Court Rejects Appeal to Reinstate Travel Ban

The White House has filed an appeal against the suspension of Trump’s immigration ban, while Washington’s new UN envoy slams the UN peacekeeping missions
The anti-US protest march was held in London on Feb. 4.The anti-US protest march was held in London on Feb. 4.

A legal showdown was brewing Sunday after the US Justice Department appealed a temporary block on Donald Trump’s contentious travel ban, but the court rejected any immediate move to reinstate the ban.

The early morning ruling by a federal appeals court was the latest in a series of dramatic twists in the saga that began on January 27 when the Republican president issued a blanket ban on refugees and travelers from seven mainly-Muslim nations, AFP reported.

There was no immediate reaction from the White House but ahead of the ruling Trump had assured reporters his ban would be reinstated.

“We’ll win. For the safety of the country, we’ll win,” he said.

  International Protests

From London and Paris to New York and Washington, thousands of people took to the streets in American and European cities on Saturday to protest US President Donald Trump’s travel ban amid a fierce legal battle over the order.

The biggest demonstration by far took place in the British capital London where an estimated 10,000 people turned out, chanting “Theresa May: Shame on You” to denounce the British prime minister’s support for the new US leader, AFP reported.

“We’ll win. For the safety of the country, we’ll win,” Trump defiantly told reporters.

The Department of Homeland Security, which runs border agencies, has announced it would cease implementing the order.

About 3,000 people demonstrated in New York, Trump’s hometown where protests against the property magnate-turned-world leader take place almost daily.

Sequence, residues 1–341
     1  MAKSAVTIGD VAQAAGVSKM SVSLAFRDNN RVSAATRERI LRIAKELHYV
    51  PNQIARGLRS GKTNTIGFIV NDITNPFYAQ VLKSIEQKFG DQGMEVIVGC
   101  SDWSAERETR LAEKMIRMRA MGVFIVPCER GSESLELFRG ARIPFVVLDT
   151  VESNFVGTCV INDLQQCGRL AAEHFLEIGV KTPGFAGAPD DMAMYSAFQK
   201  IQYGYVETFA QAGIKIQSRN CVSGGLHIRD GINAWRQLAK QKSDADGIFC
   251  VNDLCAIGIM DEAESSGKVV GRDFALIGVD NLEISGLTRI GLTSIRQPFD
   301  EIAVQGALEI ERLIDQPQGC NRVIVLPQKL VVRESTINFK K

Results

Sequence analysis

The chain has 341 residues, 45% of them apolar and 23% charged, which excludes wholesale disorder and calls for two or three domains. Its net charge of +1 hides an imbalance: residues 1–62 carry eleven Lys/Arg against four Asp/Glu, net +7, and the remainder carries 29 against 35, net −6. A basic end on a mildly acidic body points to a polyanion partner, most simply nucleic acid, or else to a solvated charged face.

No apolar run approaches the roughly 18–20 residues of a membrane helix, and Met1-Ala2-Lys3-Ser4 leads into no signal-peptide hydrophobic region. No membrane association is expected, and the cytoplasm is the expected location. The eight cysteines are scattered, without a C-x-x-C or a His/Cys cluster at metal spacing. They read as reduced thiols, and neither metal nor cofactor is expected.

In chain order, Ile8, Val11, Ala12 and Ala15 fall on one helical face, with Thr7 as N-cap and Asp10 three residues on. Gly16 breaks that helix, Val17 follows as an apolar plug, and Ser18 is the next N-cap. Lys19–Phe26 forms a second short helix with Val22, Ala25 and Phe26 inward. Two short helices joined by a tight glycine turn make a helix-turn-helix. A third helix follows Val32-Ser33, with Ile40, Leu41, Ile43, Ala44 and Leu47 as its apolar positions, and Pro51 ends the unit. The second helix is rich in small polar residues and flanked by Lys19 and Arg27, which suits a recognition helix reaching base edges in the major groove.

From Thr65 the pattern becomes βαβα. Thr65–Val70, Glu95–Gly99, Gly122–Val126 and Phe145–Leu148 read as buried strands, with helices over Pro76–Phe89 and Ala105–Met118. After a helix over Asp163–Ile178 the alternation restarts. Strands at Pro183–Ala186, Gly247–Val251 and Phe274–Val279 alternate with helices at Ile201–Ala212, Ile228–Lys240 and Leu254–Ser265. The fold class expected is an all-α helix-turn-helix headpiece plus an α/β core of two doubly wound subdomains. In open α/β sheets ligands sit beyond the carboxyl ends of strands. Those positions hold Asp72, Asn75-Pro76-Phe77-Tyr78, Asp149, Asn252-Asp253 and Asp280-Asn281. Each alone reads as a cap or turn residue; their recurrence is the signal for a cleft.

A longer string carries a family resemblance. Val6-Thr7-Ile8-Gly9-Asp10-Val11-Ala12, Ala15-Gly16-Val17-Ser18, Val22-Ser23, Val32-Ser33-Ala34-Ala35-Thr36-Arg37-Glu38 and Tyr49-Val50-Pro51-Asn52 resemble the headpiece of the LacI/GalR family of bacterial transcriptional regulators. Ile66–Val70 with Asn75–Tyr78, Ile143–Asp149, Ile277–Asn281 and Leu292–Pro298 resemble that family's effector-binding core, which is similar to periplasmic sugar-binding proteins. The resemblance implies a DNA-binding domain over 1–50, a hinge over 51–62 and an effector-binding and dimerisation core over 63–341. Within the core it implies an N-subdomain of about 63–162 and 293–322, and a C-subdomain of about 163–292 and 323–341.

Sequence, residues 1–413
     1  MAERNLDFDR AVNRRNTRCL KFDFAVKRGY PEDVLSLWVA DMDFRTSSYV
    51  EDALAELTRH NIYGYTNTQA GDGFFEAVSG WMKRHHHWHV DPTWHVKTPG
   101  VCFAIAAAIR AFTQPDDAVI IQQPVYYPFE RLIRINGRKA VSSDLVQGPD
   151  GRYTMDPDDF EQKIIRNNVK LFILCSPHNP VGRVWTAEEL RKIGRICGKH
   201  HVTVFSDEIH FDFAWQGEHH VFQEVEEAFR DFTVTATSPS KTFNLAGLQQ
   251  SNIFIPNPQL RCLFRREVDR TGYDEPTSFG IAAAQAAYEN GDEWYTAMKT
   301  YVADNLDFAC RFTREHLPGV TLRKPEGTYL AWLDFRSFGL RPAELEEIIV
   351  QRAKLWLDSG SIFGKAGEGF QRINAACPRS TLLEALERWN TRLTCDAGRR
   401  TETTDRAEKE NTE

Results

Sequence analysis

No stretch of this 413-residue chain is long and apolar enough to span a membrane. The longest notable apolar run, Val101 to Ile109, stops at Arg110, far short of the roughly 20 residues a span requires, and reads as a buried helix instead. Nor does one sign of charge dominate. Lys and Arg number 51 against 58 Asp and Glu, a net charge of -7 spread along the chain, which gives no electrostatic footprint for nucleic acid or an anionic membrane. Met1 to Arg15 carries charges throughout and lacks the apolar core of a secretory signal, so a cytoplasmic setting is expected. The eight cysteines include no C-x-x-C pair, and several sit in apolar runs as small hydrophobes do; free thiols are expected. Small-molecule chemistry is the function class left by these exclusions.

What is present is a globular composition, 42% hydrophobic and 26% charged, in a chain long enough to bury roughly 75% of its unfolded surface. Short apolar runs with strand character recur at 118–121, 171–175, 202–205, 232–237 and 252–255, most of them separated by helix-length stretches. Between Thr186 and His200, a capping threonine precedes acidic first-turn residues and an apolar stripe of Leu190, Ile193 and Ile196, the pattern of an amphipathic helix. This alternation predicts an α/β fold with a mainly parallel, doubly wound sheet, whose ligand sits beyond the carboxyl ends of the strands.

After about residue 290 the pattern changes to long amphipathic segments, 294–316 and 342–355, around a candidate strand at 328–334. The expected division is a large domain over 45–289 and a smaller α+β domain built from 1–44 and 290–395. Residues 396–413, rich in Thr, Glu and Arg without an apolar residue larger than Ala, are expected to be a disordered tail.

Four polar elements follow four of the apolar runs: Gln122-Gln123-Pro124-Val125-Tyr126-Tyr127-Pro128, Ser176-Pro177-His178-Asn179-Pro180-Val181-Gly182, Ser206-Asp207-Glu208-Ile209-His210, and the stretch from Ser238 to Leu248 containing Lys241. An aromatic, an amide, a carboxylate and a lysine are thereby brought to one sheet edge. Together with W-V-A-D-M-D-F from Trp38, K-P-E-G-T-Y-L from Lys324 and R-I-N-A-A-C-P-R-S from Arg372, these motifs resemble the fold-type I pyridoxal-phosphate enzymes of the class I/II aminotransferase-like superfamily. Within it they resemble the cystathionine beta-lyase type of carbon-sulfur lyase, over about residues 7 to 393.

In Washington, hundreds of demonstrators marched from the White House to Capitol Hill, chanting “Donald, Donald, can’t you see: We don’t want you in DC!”

Smaller gatherings took place in Paris, Berlin, Stockholm and Barcelona.

  UN Peacekeeping Missions

Washington’s new UN envoy, Nikki Haley, is putting in motion a far-reaching review of UN peacekeeping that is likely to lead to closures and downsizing of missions, according to diplomats.

Haley took up her post with a vow to overhaul the United Nations and “do away” with what she termed as “obsolete” activities amid fresh clamor in Washington over US funding for the world body.

During one-on-one meetings with UN Security Council ambassadors this week, the new US envoy raised peacekeeping as a priority for cuts, zeroing in on the UN’s flagship enterprise, according to three diplomats with knowledge of the discussions.

“On UN reform, I think there is a particular interest in peacekeeping,” said a Security Council diplomat on condition of anonymity.

Haley is setting up a mission-by-mission review of all 16 peace operations and is “relatively skeptical” of the value and efficiency of many of the blue-helmet deployments, the diplomat added.

While the United States has few soldiers serving as peacekeepers, it is by far the biggest financial contributor to UN peacekeeping, providing nearly 29% of the $7.9 billion budget for this year.

During hearings at the US Senate last month, Haley made clear she was seeking to bring the US share of funding for peacekeeping to below 25% and said other countries should step in to shoulder the burden.

“We have to start encouraging other countries to have skin in the game,” she said.

No list has been drawn up of missions that are to be axed, but diplomats said UN missions in Haiti and Liberia are probably headed for a rapid shutdown.

The peacekeeping review could have serious implications for stability in Africa. Nine of the UN’s 16 peacekeeping missions are deployed on the continent.

US de-funding could open up the door for China—the second largest financial contributor to UN peacekeeping and Africa’s number one trading partner—to bolster its role.

China’s share of the UN peacekeeping budget now stands at 10.3% followed by Japan (9.7%), Germany (6.4%), France (6.3%) and Britain (5.8%).

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